Paper Title: Homelessness and At-Risk Families:
The Characteristics and Causes of Homelessness Among At Risk Families With Children in Twenty American Cities
(full text of paper can be found in Appendix D of this report)
Authors: David Reingold and Angela Fertig
Summary of Presentation. This paper attempts to understand whether (and how) the family homelessness problem has changed over the last ten years and what factors seem to predict family homelessness today. The first section of the paper reviewed the existing poverty literature to determine whether various macroeconomic and social conditions (welfare reform, decreasing wage returns, low income housing, housing affordability, and incarceration of homeless parents due to drug abuse and violence) have altered the extent and degree of homelessness among families.
The authors conclude that evidence on welfare reform suggests that it has not pushed more at-risk families into homelessness, though there may be a small increase in homelessness among welfare leavers in some states. Wages upon returning to work for those at the bottom of the wage distribution has worsened over the past few years but, because the working poor rate is below the 1993 high, it is unlikely that changes in the labor market have exacerbated family homelessness in recent years. Data on the effects of low-income housing reform on homelessness suggests that the changes in HUD HOPE VI Program may be increasing homelessness for illegal residents. The authors recognized the link between the lack of affordable housing and family homelessness; however, they believe that the shortage has not worsened over the past ten years and thus is unlikely to have forced more families into homelessness. Finally, there may be a link between increases in the number of families who become homeless and patterns of reentry of incarcerated parents, but not enough is known to understand the link.
The second part of the paper focused on a brief reanalysis of data from the Fragile Families and Child Well-Being Study, examining the factors that predict homelessness. The analysis focused on two different subsamples: those who report being homeless at the 12-month interview (n=140) and those who report being homeless at the 36-month interview (n=110). Homelessness in this sample is associated with race, educational attainment, welfare receipt, less employment, lower earnings, experiences of hardships (e.g., inability to pay utilities or rent), living in public housing, paying a greater proportion of income toward rent, higher rates of prior incarceration of the father, drug use, emotional distress, domestic violence reports, and less access to social support. Regression results seem to indicate that health, drug use, and domestic violence are the best predictors of family homelessness though these account for only a small amount of the variance explaining whether or not a family becomes homeless.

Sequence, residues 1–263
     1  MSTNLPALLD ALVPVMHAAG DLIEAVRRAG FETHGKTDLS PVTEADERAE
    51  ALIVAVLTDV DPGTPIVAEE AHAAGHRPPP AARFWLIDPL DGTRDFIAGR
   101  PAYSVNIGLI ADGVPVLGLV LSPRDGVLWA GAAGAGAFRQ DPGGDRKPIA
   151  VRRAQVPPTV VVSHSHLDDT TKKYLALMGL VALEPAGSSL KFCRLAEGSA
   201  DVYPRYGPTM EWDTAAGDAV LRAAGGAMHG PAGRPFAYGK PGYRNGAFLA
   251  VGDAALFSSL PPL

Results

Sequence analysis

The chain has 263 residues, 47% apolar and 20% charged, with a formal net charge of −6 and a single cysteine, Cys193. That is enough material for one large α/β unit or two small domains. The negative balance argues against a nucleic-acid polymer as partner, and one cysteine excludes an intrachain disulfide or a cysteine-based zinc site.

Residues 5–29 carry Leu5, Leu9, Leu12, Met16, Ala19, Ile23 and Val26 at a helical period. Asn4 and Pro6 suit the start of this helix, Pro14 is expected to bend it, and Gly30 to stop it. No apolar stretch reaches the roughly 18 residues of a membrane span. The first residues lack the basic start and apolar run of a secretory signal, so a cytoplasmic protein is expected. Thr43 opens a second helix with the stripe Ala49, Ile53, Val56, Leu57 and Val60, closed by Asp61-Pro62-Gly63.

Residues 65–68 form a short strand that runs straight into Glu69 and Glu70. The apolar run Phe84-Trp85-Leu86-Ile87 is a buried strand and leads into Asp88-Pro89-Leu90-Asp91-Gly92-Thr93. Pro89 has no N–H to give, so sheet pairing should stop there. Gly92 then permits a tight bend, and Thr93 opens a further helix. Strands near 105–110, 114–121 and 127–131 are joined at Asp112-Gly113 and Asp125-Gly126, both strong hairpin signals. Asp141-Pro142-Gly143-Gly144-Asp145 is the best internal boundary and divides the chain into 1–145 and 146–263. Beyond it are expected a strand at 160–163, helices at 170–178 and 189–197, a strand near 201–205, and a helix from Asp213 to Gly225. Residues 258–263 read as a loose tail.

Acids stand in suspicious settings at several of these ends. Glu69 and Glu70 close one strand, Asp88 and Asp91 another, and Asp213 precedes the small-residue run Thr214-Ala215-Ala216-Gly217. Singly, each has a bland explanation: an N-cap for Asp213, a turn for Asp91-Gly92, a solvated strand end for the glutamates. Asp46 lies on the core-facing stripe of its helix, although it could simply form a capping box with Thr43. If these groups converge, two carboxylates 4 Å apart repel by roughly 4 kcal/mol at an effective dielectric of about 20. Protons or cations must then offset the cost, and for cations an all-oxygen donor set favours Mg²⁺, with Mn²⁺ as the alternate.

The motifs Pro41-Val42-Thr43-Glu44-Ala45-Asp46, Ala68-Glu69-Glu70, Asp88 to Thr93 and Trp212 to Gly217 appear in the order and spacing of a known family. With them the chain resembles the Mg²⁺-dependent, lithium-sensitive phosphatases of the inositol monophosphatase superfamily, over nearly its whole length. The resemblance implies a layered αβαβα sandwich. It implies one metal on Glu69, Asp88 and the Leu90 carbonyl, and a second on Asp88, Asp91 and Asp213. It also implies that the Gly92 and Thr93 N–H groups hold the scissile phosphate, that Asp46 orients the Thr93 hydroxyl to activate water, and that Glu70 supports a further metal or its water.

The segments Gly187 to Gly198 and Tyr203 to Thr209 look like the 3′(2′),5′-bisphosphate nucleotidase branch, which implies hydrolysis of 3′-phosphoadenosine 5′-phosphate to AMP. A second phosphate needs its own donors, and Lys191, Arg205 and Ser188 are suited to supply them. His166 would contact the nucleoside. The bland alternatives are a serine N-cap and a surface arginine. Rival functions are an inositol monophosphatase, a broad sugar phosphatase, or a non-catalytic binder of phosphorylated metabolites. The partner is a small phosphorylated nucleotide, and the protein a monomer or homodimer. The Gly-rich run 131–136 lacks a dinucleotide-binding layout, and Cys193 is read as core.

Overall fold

Summary of reactions and comments. For the literature review analysis portion of the paper, there was discussion about the problem of limiting the timeframe to the past ten years, especially if the conclusion is true that the affordable housing and homelessness situations have had less change during this period. It is difficult to examine the effects of a condition on the problem if the condition has been relatively constant. Taking a longer time perspective may provide a more valid assessment of the relationship among these conditions.
Much of the discussion focused on concerns about the analyses conducted on the Fragile Families database and strategies for strengthening them. First, the analysis compared the families who had reported being homeless at one point or another with all other families. As this data set was not restricted to poor families, some of the findings (such as receipt of a housing subsidy increasing the risk of being homeless) may actually be indicators of poverty. If the control group was restricted to just poor families (e.g., those who are at 50% of the poverty level) the analyses could find that a housing subsidy actually acts as a protective factor. It was also noted that, because the community was known, it may be possible to adjust the poverty definition by the area median income.
There was some concern voiced that the sample size was small and thus might be sensitive only to moderate and large effects.
Some of the discussion focused on whether it would be possible to link people to the housing market conditions in which they live to be able to understand the housing market factors related to homelessness.
In addition to examining individuals who had experienced homelessness, it might be useful to know if families are doubled up. If the individual is on a lease, it may be possible to determine if he or she is living with others or has others living in the residence. It would also be useful to see if the person is paying anything toward rent. The fact that a family is not contributing toward rent may help them stay housed.
Finally, there was a great deal of discussion sparked about the ability to predict homelessness among families and the implications for the typology. The authors noted that the R-squares on their regressions were quite small and questioned whether homelessness was an event that was due to the idiosyncrasies of the population and environments. It was noted that R-square or variance explained may not be as useful as success of prediction. Even excellent predictors can't predict much variance when their distributions are quite different from the distribution of the criterion variable.
It was also noted that homelessness is relatively rare in a restricted time frame but can become a much more common event for poor families over a longer period of time. It was noted again that, from a prevention standpoint, it may be hard to predict who will become homeless and thus it may be necessary to wait until families present as homeless to intervene and triage.